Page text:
Brittany Higgins: Bruce Lehrmann’s police interview played to jury in rape trial

Bruce Lehrmann did not check on Brittany Higgins before he left Parliament House on the night she alleges he raped her, a jury has been told.

Mr Lehrmann has pleaded not guilty to sexual intercourse with Ms Higgins without her consent and being reckless to her consent.

On Monday, the jury heard Mr Lehrmann’s account of the night in question for the first time, given to police during an interview in early April 2021.

During the close to three hour police interview, Mr Lehrmann said he had purposely left his keys at parliament before going out on Friday, March 22, 2019. He also told police that during the course of the evening, which included drinks with Defence contacts, he remembered had to “attend the office to do some work”.

That work, a jury was told, included sticking tabs and handwriting notes on a question time briefing for then-defence industry Minister Linda Reynolds.

Following that, Mr Lehrmann told police, he “exited out the back door” without checking on the whereabouts of Ms Higgins, who he said was at that point either in Senator Reynolds’ office or the media space.

“My intent was to get what I needed,” he told police.

“There was nothing in my mind that said to me that I needed to be looking after her.”

He told police that night he was just being a “gentleman” by offering to share an Uber back to parliament after Ms Higgins indicated she also needed to pop back to work.

Asked by police what work she needed to do, he could not say.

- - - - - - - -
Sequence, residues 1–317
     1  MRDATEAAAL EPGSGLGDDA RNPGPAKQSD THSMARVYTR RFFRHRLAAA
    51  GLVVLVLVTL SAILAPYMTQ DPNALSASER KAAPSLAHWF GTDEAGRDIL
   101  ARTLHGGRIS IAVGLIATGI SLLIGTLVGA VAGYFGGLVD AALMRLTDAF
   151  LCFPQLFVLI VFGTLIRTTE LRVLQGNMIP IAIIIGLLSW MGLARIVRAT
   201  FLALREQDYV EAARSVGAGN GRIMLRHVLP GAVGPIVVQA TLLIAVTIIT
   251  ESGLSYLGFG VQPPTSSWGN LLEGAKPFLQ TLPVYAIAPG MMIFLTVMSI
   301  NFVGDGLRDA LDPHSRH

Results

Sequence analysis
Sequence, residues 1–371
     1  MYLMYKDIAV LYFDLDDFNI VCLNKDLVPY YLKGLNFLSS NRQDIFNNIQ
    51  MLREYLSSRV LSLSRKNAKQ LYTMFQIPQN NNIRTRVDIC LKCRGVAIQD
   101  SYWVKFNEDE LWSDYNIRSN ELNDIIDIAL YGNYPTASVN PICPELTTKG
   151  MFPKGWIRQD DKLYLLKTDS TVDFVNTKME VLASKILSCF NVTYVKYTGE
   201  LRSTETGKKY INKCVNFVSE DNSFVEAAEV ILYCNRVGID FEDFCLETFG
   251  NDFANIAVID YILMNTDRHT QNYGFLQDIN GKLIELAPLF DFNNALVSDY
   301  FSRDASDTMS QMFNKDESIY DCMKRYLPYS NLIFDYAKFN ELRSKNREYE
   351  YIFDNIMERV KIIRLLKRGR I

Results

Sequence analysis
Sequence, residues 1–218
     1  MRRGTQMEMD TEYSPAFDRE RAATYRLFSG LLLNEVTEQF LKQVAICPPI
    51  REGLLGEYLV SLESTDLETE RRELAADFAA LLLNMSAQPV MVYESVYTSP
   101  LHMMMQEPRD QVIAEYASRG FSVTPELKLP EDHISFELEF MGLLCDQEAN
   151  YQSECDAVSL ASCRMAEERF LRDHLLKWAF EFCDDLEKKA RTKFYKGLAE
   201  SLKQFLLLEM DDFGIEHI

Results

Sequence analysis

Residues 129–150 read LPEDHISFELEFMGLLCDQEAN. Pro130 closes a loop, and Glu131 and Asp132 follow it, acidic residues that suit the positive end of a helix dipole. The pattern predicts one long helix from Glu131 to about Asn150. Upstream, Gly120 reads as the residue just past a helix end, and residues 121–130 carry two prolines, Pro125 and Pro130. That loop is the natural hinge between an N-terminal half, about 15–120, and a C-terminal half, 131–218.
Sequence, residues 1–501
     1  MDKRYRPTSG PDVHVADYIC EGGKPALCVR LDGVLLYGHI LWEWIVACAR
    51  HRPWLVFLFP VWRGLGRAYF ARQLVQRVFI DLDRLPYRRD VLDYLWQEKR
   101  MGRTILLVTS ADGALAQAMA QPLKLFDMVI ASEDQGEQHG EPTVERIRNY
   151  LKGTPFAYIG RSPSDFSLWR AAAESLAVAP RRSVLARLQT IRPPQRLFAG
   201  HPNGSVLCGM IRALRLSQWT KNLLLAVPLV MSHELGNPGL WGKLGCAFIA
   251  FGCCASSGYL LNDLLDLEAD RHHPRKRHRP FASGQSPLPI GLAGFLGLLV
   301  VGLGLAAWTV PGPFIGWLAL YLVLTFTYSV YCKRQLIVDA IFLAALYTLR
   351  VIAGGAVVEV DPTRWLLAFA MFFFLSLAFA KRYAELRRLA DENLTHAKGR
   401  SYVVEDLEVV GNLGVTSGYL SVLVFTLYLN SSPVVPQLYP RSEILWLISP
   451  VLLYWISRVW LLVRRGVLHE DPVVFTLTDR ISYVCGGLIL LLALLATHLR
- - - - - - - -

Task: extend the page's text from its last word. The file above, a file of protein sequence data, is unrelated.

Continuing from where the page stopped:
“She had indicated she needed to do something herself … I don’t go into other people’s business,” Mr Lehrmann said.

At one point, Mr Lehrmann denied he ever told then chief of staff Fiona Brown he had returned to parliament to drink whiskey.

“I didn’t have any alcohol … That was certainly not the reason to go back to the office,” he told police.

During his interview, Mr Lehrmann said he had been the one to suggest the group of four – himself, Ms Higgins, Lauren Gain and Austin Wenke – kick on for a “boogie” at Canberra’s 80s nightclub 88mph.

He described his level of intoxication as “moderate” and claimed he had “no reason to believe” Ms Higgins was any more inebriated than he was.

Police repeatedly quizzed him on whether he engaged in “any intimate behaviour” with Ms Higgins at the club.

He initially said he could not recall before acknowledging “it (was) possible”.

“But I wouldn’t have acted on anything beyond flirtation because I was in a relationship,” he told police.

During the time Mr Lehrmann alleges he was doing work at his desk, police told him he missed multiple calls from a number they identified as being his then girlfriend.

He told police his phone was “always on silent”.

Asked why she would have called so many times in such a short period of time, Mr Lehrmann suggested it was because he was out much later than he informed her he would be.

At the time of the incident, Mr Lehrmann told police he’d been dating his then girlfriend for around six months.

She had just accepted a job in Sydney and that had accelerated his plans to get out of politics, which he said had left him “mentally scarred”.

He told police Nationals senator Bridget McKenzie was “notorious” for not treating her staff well, which included himself.

“More broadly the culture was horrendous … I had just had enough,” Mr Lehrmann said.

The jury was told Mr Lehrmann first found out about Ms Higgins‘ allegation from his boss after The Australian political reporter Rosie Lewis emailed to ask if the former Liberal staffer would provide comment.

He became emotional as he told police he had contemplated taking his own life.

“I was ready to go,” he said.

“That week I lined up everything. I was thinking mum would be OK. She would get my super.”

The trial continues.

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